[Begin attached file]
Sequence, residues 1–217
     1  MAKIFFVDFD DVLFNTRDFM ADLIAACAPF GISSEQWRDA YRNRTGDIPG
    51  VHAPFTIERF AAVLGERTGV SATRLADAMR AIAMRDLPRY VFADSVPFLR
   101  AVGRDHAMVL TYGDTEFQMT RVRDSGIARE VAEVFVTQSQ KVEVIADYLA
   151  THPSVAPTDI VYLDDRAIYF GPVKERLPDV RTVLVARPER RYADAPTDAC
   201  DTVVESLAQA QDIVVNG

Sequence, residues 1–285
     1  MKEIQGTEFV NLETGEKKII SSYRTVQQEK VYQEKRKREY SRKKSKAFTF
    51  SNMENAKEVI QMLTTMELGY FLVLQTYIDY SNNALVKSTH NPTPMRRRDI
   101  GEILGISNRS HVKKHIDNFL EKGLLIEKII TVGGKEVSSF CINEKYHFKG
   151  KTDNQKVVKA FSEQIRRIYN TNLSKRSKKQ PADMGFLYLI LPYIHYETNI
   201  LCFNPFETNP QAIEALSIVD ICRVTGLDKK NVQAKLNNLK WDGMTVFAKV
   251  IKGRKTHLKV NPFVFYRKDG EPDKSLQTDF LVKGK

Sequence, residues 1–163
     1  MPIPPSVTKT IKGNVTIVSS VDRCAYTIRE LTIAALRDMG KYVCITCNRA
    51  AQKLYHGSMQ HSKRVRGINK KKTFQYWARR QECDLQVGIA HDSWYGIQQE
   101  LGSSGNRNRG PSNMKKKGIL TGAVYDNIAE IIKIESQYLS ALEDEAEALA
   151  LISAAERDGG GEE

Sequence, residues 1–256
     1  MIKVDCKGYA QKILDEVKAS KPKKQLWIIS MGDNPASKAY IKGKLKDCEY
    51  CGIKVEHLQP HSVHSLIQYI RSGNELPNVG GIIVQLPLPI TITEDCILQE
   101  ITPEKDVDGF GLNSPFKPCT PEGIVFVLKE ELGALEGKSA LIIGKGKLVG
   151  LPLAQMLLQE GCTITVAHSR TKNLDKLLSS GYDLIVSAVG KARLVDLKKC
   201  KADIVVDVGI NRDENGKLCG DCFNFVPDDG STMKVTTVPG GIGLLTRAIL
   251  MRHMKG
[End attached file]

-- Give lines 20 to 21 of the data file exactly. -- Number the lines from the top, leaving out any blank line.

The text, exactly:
     1  MIKVDCKGYA QKILDEVKAS KPKKQLWIIS MGDNPASKAY IKGKLKDCEY
    51  CGIKVEHLQP HSVHSLIQYI RSGNELPNVG GIIVQLPLPI TITEDCILQE